O’Bannon Lawsuit Could Change the Face of NCAA Athletics

Former UCLA basketball player Ed O’Bannon began his antitrust legal dispute against the National Collegiate Athletic Association (“NCAA”) back in 2009, when he sued the NCAA for wrongfully profiting off the likenesses of former student athletes in EA Sports video games.  The suit accuses the NCAA of forcing students to waive the right to make money off of their likenesses, a behavior which amounts to an illegal restraint of trade.

In a new twist, in her January ruling, federal Judge Claudia Wilken permitted O’Bannon to add current student athletes as plaintiffs in the case.  More importantly, Judge Wilken also indicated that the plaintiffs could sue everyone that was potentially profiting off player likenesses – including scholastic conferences and television networks that broadcast the games.  In other words, the deep pockets just got deeper.

The next major event in the case is the class certification hearing scheduled for June 20, 2013 in Oakland, California.  If plaintiffs manage to certify a class, it could open the NCAA and other defendants up to catastrophic damage awards (given that these awards are tripled in antitrust cases).  If the plaintiffs fail to achieve certification, individuals could still file suit against the league, but they would have to do so and incur the legal costs on their own – an obvious deterrent.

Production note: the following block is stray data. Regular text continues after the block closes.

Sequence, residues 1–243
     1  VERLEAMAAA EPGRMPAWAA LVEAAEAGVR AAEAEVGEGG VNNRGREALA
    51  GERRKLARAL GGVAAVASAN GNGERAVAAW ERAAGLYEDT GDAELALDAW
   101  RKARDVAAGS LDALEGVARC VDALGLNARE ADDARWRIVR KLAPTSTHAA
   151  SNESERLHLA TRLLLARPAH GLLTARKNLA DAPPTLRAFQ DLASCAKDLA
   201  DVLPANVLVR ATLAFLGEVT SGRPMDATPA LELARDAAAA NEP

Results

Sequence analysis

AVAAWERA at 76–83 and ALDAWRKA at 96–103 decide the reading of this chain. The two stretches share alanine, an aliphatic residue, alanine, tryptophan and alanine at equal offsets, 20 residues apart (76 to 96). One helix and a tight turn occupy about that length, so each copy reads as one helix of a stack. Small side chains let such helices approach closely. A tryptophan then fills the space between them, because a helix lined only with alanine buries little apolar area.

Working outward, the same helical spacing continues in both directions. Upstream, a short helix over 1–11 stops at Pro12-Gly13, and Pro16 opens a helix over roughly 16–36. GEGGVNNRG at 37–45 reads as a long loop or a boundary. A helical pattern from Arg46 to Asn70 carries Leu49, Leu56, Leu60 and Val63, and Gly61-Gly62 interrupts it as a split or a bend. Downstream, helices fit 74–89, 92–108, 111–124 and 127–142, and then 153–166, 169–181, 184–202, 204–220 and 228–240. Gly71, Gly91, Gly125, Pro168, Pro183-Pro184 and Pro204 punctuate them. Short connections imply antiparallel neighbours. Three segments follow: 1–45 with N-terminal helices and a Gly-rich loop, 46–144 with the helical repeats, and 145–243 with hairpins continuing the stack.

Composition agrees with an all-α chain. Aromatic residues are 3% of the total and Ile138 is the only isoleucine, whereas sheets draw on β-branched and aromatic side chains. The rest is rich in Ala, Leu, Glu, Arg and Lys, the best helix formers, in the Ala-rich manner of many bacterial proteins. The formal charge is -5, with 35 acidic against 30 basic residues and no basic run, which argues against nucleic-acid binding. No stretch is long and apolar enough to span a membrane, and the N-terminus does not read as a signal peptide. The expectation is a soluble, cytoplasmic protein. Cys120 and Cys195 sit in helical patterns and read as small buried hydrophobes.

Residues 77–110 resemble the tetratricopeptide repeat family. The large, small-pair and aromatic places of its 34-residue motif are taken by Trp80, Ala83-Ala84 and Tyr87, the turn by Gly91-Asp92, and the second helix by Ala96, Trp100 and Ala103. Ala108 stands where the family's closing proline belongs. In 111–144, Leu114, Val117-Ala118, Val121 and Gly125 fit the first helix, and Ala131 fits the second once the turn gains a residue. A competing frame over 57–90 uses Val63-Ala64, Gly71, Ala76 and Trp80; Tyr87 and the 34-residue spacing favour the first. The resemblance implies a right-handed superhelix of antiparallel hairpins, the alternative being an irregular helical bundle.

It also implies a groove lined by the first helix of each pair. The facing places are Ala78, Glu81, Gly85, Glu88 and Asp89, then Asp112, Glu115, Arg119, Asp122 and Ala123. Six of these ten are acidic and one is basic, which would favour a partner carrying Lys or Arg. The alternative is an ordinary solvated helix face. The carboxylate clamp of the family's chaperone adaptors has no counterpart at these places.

What will be interesting is how the NCAA reacts if the class is certified and it decides to settle the case.  Some have speculated that the NCAA will require that schools set aside a certain amount of revenue received from sporting events for distribution to student athletes.  In theory, this money would be retained in trust until the student earned a degree – only then would the money be disbursed.  Still, if students are later “paid” for their athletic participation, a whole new level of tax and Worker’s Compensation issues may plague the organization for years to come.

Ed O’Bannon v. The NCAA: A complete case primer

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